Friday, 12 March 93 Washington, DC
1. HOUSE BUDGET COMMITTEE CALLS FOR $830M CUT IN SCIENCE BUDGET.
The budget resolution is not binding, but it serves to define the
starting point for the appropriations process. Science is lumped
into Budget Function 250, which includes, among other things, the
space station, the SSC and NSF. Under the Clinton plan, Function
250 would get $18.89B; the resolution that came out of committee
calls for $18.06B, but declines to explain just where to make the
cuts. Some Republicans would have preferred to be explicit, but
amendments to terminate the space station and the supercollider
were both defeated; even those Democrats who usually oppose the
two mega-projects voted against the amendments, arguing that the
fight over specifics belonged in the appropriations process.
2. EFFORT TO CUT UNIVERSITY INDIRECT COST REIMBURSEMENT DEFEATED!
Over in the Senate, where cuts went even deeper, Sen. Hank Brown
(R-CO) introduced an amendment to the Budget Resolution that
would cap indirect cost reimbursement to universities at 50%. The
amendment was defeated, but university administrators are still
taking Maalox. Clinton's economic plan calls for saving $1.23B
on university overhead
(WN 26 Feb 93). How? There was talk of a
23% cap on administrative costs and a 44% cap on total indirect!
But late word is that although there will be some reduction in
reimbursement, the Administration has backed away from $1.23B.
3. NSF OBSERVES "WOMEN'S HISTORY MONTH" WITH A FASHION PROGRAM.
"Kathy Spearman, Casual Corner Fashion Consultant," discussed
"public and personal image, silhouettes (identifying your body
shape), how to organize your closet, scarf tricks and much
more!," to start the annual observance of Women's History Month.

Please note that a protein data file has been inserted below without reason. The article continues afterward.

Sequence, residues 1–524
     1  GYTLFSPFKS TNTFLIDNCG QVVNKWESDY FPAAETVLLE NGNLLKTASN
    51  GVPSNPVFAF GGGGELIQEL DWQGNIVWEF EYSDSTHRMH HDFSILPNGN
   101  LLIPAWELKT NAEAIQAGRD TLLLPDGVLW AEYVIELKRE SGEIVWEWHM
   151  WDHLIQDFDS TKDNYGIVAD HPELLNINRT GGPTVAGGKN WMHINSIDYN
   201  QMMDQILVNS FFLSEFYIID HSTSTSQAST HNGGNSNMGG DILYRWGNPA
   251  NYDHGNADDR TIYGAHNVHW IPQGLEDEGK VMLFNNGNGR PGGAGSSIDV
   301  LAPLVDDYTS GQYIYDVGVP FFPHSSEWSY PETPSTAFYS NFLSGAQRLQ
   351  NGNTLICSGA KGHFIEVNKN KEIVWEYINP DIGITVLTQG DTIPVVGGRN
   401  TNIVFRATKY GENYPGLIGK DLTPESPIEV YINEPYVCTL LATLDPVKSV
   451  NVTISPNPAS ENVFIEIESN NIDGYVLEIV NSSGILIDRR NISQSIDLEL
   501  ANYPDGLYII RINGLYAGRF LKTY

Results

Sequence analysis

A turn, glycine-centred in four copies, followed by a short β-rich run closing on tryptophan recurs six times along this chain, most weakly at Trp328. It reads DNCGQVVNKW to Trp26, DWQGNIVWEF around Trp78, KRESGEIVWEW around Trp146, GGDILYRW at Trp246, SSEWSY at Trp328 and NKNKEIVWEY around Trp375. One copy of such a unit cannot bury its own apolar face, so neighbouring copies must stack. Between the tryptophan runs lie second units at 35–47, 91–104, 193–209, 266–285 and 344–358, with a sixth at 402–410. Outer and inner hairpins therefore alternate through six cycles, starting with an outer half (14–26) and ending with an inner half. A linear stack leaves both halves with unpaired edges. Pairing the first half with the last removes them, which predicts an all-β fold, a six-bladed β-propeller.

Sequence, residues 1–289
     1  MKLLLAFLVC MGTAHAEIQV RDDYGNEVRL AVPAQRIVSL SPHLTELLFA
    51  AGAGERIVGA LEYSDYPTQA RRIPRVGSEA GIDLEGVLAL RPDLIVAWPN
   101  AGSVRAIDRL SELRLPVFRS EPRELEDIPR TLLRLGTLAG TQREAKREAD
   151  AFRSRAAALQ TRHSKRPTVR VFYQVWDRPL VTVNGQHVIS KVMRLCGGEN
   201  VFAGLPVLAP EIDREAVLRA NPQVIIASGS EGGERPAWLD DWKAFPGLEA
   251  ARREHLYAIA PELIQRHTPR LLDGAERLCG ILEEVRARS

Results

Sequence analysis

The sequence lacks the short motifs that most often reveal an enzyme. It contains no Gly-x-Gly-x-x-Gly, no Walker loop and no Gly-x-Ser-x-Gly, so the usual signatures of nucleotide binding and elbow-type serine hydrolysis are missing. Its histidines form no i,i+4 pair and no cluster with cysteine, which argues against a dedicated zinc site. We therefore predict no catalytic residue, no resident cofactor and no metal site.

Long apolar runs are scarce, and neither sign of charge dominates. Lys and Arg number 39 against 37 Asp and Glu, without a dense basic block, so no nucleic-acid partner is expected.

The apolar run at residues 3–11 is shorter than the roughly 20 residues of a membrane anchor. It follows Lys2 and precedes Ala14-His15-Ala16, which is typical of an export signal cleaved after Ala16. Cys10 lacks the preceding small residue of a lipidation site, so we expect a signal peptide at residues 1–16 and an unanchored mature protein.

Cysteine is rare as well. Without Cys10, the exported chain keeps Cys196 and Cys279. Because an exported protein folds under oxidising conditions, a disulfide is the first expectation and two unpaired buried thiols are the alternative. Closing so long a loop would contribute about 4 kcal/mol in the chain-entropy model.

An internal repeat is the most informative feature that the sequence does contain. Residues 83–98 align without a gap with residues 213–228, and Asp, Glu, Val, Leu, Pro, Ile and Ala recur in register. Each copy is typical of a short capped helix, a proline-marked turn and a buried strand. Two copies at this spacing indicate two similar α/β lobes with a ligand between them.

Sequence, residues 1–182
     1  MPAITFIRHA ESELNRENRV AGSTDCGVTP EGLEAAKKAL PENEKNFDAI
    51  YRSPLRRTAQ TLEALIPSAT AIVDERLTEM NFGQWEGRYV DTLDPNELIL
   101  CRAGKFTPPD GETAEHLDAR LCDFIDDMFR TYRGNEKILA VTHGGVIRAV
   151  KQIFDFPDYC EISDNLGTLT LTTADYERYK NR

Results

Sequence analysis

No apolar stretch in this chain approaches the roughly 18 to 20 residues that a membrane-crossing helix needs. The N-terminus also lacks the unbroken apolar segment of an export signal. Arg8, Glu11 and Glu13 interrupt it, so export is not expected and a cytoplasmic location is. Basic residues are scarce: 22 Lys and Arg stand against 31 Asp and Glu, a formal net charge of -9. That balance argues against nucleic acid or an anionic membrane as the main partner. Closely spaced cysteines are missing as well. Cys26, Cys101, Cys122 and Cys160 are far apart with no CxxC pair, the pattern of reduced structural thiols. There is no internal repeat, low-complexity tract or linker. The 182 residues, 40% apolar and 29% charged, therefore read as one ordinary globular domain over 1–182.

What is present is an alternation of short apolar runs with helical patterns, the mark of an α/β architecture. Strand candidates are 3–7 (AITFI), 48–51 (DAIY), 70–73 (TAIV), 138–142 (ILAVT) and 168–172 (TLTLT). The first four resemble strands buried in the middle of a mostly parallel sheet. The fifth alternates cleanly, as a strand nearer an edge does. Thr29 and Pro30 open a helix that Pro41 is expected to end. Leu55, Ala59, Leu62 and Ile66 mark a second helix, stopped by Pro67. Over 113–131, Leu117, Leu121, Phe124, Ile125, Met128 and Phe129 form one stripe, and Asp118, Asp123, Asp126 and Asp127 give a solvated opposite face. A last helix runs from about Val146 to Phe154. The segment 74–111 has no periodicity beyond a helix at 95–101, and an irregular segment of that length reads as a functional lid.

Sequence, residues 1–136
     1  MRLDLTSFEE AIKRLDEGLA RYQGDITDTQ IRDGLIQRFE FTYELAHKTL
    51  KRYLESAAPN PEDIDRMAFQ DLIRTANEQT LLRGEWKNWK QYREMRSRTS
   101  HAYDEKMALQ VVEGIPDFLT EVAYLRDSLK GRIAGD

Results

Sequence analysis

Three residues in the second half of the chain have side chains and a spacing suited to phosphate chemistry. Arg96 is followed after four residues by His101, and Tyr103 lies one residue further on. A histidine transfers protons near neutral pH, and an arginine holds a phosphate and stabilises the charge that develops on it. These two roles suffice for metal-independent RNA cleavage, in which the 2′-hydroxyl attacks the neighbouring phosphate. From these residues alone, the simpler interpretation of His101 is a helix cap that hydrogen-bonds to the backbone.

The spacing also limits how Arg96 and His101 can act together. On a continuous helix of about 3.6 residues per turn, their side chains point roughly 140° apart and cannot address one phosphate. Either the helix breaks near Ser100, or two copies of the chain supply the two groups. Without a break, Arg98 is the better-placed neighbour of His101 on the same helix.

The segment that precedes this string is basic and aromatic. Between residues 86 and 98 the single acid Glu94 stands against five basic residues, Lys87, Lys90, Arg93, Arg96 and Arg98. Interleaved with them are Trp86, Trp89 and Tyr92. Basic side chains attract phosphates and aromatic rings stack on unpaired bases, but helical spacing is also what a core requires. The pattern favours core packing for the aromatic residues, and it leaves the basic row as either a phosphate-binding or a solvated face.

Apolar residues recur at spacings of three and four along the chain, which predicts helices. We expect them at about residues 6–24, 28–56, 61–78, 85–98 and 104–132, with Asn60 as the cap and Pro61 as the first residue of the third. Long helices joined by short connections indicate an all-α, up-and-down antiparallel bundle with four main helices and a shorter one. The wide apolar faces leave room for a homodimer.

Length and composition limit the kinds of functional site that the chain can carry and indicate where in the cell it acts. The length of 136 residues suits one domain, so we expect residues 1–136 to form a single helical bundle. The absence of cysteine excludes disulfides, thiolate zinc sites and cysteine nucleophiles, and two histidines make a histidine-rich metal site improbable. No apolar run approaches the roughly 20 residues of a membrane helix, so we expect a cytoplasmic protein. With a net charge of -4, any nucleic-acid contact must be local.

4. FREEDOM-LITE REDESIGN TEAM MUST FINISH ITS WORK BY 1 JUNE 93.
Following a meeting with President Clinton, NASA Administrator
Daniel Goldin announced that operating costs of the redesigned
station must be cut in half, and the planned lifetime shortened
from 30 years to 10. Goldin was unable to put a figure on the new
construction cost, but even though no design now exists he said,
"we do not want to create dislocations; we have not stopped any
activity or contract." It might be more appropriate at this point
to administer existing contracts as a welfare program under HHS.
5. REALIGNMENT OF NSF DIVISIONS SAID TO BE UNDER CONSIDERATION.
A position paper in preparation in the Mathematics and Physical
Sciences Directorate of the NSF addresses a realignment in which,
among other changes, Condensed Matter Physics would move from the
Materials Research Division to the Physics Division. Similarly,
Solid-State Chemistry would move from Materials Research to the
Chemistry Division. The proposal will be run by the Advisory
Committees in early April. One factor driving the change may be
the emphasis on the "strategic research initiatives"
(WN 19 Feb
93), which has resulted in severe imbalances between programs.